Even after mild cases of COVID, long COVID can last for a year

For some patients with COVID-19, the initial illness is not as bad as the persistent and sometimes disabling symptoms that linger for months or years afterward. These are people with long-term COVID, a complex chronic illness that can affect regardless of age, sex, vaccination status or medical history.

A study of nearly 2 million patients in Israel offers new insights into the long-term trajectory of COVID-19, especially for younger, healthier people whose cases of COVID-19 were mild. The researchers found that while most of the lingering symptoms disappeared within a year, some of the more debilitating consequences of the syndrome, such as dizziness, loss of taste and smell, and problems with concentration and memory, still affect a minority of patients a full year after the initial infection.

For the study, published Wednesday in the medical journal BMJ, researchers examined the health records of more than 1.9 million members of Maccabi Healthcare Services, one of the largest health maintenance organizations in Israel Among them were just under 300,000 people who tested positive for the SARS-CoV-2 coronavirus between March 1, 2020 and October. 1, 2021, and that they were not hospitalized in the first month after infection, a sign that their cases were mild.

The researchers matched each coronavirus-positive subject with an uninfected person in the sample who had the same age, sex and vaccination status and a similar history of risk factors such as diabetes, cancer and obesity, among other conditions pre-existing The researchers then tracked the medical records of both members of each couple to see what health problems they experienced over the next 12 months.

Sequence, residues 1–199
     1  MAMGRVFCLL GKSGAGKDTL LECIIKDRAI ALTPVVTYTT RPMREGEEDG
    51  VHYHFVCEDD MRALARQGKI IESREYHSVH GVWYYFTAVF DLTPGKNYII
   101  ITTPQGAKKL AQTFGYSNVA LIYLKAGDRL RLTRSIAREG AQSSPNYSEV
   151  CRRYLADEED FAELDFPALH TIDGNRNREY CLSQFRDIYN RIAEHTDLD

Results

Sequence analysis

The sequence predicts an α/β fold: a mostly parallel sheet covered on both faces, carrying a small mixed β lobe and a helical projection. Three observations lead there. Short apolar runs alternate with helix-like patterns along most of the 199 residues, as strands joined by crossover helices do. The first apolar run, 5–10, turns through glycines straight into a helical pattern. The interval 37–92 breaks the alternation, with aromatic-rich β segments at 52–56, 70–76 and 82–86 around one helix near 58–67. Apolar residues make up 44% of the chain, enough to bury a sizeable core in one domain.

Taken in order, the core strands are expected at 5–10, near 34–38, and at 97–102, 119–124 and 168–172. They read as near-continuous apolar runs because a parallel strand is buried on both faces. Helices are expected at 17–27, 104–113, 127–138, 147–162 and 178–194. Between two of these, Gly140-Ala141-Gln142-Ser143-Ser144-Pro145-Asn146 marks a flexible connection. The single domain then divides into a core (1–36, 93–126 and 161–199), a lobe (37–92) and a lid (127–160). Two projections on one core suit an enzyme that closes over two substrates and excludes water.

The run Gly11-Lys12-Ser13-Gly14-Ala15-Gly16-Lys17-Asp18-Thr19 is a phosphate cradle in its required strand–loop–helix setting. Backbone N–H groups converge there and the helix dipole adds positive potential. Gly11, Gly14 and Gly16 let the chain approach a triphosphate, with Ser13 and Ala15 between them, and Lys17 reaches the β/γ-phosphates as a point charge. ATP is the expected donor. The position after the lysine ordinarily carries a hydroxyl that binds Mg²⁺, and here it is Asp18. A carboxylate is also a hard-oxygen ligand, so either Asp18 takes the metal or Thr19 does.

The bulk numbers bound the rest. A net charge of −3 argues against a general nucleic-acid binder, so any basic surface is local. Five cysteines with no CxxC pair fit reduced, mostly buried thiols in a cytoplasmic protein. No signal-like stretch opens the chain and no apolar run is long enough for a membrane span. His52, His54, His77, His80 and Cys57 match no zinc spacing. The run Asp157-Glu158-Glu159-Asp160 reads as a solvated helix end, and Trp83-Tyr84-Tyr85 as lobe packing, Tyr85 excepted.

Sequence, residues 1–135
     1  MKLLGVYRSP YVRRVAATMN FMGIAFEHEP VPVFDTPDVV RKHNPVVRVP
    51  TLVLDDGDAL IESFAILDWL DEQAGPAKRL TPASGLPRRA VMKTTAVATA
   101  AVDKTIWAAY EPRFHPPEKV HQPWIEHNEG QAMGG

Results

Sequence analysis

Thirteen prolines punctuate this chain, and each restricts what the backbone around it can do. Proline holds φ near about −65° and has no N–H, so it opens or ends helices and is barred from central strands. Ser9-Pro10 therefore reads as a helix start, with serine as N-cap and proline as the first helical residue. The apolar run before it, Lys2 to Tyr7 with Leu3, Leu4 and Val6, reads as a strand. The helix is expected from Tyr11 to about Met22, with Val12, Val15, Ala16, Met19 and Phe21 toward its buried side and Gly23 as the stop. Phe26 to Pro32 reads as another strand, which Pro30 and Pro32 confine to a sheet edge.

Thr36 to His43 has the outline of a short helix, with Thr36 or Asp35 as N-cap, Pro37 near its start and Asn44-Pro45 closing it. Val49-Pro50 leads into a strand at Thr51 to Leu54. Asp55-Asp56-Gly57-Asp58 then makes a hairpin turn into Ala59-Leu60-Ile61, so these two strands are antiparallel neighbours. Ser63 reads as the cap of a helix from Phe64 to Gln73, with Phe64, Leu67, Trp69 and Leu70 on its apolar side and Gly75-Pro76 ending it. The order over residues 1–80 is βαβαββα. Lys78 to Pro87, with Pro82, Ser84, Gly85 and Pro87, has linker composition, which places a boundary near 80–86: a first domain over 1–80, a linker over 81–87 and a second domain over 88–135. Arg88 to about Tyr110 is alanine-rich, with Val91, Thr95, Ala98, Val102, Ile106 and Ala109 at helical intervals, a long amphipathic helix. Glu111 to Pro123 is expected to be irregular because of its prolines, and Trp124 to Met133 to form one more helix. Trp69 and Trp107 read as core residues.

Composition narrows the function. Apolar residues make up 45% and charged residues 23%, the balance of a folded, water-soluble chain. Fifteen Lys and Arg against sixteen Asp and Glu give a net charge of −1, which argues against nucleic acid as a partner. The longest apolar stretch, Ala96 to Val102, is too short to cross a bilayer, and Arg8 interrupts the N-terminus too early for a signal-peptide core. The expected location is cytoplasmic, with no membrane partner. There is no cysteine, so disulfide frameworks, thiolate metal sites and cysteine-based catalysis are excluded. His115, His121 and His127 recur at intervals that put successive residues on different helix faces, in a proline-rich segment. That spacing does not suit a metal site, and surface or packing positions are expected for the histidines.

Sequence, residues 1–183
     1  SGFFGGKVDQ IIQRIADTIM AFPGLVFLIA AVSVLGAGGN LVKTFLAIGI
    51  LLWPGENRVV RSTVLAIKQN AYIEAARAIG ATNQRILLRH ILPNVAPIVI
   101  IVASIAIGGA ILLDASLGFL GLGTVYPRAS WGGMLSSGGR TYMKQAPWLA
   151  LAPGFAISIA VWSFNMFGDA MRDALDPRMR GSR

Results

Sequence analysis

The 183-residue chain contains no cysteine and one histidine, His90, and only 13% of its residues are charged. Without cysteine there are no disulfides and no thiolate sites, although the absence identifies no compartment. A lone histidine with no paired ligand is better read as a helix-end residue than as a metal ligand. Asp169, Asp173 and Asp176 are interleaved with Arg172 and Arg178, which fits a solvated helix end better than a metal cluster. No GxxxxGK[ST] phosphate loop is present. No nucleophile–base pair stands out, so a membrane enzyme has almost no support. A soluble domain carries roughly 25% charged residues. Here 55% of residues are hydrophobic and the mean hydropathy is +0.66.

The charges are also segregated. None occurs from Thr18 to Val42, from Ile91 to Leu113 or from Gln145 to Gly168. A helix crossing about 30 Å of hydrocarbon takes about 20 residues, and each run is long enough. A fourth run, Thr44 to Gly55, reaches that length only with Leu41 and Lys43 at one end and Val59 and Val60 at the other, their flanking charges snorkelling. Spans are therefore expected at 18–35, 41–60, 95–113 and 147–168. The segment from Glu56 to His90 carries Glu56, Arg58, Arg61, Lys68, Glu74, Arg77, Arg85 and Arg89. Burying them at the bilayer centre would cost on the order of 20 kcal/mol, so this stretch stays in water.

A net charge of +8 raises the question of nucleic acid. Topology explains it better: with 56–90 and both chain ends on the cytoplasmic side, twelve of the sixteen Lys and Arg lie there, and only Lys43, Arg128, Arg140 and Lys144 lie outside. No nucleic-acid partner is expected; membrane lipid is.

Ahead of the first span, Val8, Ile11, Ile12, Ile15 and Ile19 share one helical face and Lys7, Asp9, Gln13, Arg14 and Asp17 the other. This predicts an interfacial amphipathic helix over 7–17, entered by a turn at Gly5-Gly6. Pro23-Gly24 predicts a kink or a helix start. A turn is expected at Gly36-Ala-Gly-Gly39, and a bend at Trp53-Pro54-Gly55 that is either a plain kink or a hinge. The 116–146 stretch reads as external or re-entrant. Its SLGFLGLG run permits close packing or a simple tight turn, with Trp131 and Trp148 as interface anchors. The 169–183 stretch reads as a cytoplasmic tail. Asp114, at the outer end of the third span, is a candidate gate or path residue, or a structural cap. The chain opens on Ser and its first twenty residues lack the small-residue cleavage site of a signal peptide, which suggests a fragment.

“When we started this study, there was a lot of uncertainty about the long-term effects of the pandemic,” said computational scientist Maytal Bivas-Benita, who conducted the study with colleagues at the KI Research Institute of ‘Israel.

Most of the symptoms related to COVID-19 subsided sharply in the first months after infection, such as breathing difficulties, chest pain, cough, joint pain and hair loss, a side effect that often accompanies physical stress sharp

The older a patient was at the time of infection, the more likely they were to report long-term problems with COVID. And many long-term COVID patients were still struggling with their symptoms a year after becoming ill.

For example, six months after a mild bout of COVID-19, unvaccinated people were 5.5 times more likely to report problems with smell and taste than their uninfected peers. Even at 12 months, former COVID-19 patients were more than twice as likely to have problems with these senses.

Similarly, former COVID-19 patients continued to have elevated risks of shortness of breath, weakness, and problems with memory and concentration a year after they were first infected.

Other lingering symptoms of COVID tended to resolve more quickly, the study authors found. At four months, those who were infected were no more likely to struggle with a cough than those who remained infection-free. Complaints of heart palpitations and chest pain were equally likely in both groups after eight months, and so was hair loss after seven months.